Do you think Slack has a really hard learning curve?
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Well for a newbie it's hard to edit files by hand. They see a bunch of garble, and can sometimes be hard pressed to know how to start their distro from a command line.
Yes, for a newbie, I believe Slack is VERY hard. For someone who has used Linux for a little while, and has a slight grasp on things, Slack would be fine. The learning curve is still rough, but it's sort of like going to a foreign country to learn the language. You are thrown in, and have to figure things out real fast, or else you are going to be using a black screen for a while.
Compare it to an engine of a car. If one isn't interested in doing something with it, he won't touch it and will never know something about. If one is interested in modifying it and watches the mechanic, he is going to learn but not much. If you do it yourself, you'll have a hard time, but not for long. And you'll learn fast - nobody wants to destroy an engine do we?
Well I can tell you all that Slack isn't as super hard as people say it is. Well maybe for a complete newbie this wouldn't be a good distro to start from but at least for me it was fine although I used only Red Hat 7.2(for 3 weeks) before Slack and I can say that with the help of the good people at this forum(remember me Dai ) I didn't have a lot of problems.(except when I had to write down the resolution I want to use into the XF86Config) But almost everything else is same as other distros and I find Slack the best distro there is if you want to get into Linux.
Personally, I have stayed away from Slack simply because so many users have taken, and continue to take, great pride in its difficulty. The macho crap about how hard Slack makes you work to it set up really turned me off .
To me there's nothing worse than a useless OS. And an OS that deliberately makes itself difficult to work with, especially in its set up, is not going to be very accessible or very satisfying. If it is not accessible or satisfying, it will have a low perception of utility and is not going to be used. The less it is used the less useful it is.
Slack has, in the past, made little effort to make the installation process more utilitarian. It wasn't until the likes of RedHat, Mandrake, Suse, and others started to make the installation less painful, that Linux started to have a reputation as being useful to more people. Slack may be changing to something less painful, thankfully, but it still won't be in my plans for use .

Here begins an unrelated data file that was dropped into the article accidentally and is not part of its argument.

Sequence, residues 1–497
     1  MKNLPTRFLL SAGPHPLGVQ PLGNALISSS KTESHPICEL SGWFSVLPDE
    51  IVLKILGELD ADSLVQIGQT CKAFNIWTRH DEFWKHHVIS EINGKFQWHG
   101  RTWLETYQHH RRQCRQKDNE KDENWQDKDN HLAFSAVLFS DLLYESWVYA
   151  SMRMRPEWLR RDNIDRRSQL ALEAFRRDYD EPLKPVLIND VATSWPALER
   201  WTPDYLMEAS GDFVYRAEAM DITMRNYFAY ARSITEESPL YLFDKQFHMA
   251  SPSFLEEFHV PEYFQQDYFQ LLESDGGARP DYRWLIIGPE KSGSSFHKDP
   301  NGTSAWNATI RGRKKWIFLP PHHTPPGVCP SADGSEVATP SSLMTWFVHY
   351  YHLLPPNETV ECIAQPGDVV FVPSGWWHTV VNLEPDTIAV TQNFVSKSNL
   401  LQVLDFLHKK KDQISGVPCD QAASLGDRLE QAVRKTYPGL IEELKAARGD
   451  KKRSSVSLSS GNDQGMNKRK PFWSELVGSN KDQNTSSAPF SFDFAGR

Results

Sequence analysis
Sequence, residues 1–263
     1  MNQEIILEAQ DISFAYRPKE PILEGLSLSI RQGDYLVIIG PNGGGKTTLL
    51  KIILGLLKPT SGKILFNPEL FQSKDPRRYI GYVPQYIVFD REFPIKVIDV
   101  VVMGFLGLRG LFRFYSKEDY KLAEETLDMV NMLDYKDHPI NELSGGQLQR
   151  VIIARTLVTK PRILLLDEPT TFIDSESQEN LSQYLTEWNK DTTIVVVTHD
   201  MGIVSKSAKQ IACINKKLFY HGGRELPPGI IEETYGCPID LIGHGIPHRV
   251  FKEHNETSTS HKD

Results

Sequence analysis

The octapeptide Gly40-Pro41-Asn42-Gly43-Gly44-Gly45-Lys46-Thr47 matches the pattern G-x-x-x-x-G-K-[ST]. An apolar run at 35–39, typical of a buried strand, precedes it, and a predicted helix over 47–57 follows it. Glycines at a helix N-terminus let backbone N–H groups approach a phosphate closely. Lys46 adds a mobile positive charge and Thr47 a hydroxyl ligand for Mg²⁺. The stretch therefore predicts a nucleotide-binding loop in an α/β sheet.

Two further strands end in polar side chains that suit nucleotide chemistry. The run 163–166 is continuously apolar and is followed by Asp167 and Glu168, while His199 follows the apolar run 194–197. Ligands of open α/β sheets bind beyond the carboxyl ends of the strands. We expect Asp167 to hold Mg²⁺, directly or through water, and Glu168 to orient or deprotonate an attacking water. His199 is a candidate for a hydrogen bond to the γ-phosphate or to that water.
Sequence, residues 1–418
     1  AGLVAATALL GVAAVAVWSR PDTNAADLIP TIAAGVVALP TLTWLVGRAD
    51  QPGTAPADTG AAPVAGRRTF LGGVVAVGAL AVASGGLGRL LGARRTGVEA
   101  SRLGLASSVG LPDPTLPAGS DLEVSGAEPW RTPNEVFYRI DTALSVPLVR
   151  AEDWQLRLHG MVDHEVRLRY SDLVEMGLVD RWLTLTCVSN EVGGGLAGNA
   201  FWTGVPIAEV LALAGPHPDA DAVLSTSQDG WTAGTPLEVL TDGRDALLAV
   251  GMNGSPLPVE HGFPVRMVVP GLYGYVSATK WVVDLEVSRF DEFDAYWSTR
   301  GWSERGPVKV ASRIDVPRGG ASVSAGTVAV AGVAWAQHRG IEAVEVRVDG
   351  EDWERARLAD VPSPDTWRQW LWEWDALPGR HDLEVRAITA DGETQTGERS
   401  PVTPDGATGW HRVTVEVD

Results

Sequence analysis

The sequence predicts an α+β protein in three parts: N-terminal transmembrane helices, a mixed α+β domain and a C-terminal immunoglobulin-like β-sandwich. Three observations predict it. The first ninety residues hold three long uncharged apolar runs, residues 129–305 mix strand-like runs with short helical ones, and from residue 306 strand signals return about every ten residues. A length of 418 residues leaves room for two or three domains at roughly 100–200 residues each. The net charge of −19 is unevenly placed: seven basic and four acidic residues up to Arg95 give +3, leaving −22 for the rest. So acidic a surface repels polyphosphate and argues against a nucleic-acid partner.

I believe Slackware is a very good choice for newbie... it isn't that hard, it's only text mode... most progs will install with 3 little command (./configure make make install) instead of one (rpm -option), except if you use easy install tgz (what I hate to do).
The only hard way is to learn and remember all useful command first. With GUI distro (Slackware has a GUI of course, but it's not used for config) most of time you only have to point and click.
Newbie think Slackware is hard because they are brain-washed by Windoze-point-and-click installation/configuration. But even with Mandrake, installation and configuration will, a day, take you a little more reflection than only point and click. I think it's a better idea for a newbie to start first with the "hard" text mode way before trying something that LOOKS easier. The newbie will probably have 1 or 2 months of headache (until he learns the basic stuff he need), but then, he will be able to get out of difficulties by himself.
And you will no longer see treads like "Cannot start my something.exe please help" here
Slack is not hard to learn if you already have some Linux knowledge, but it does make you get your hands dirty and makes you learn how an operationg system works. Yes its true, Red Hat and Mandrake are easier to learn and install, but you will never learn that much with these distros than with Slack. So if you feel adventurous and hungry for some knowledge, go ahead and try it. I tried Slack after using Red Hat and Mandrake first, and I am not going back. The diference in speed and stability is noticeable. But if you feel like being boring and not so adventurous stay with RH and Mandi.
I guess it depends. I got really used to the Hat's way of rc.anything so the switch to slack was a bit of a culture shock, but then again /etc/rc.modules makes life soooooo much simpler than other distros way of handling things, and I guess I had really gotten hard into slack before I started looking for answers on places like here, but for the most part yeah, its got a steeper learning curve, but you either hold on and learn a lot more a lot faster, or give up and let Mandy's buggy GUI tools break things for you.
who are you hackers_ ? You maybe not notice but you're NOT a mod. And until now, 2 mods and a LQ addict reply to this post. Calm down and find somewhere else to have cops-like power trip. If there are a problem, mod will take care of it.
I hate these little people that want to govern others when it's not their job.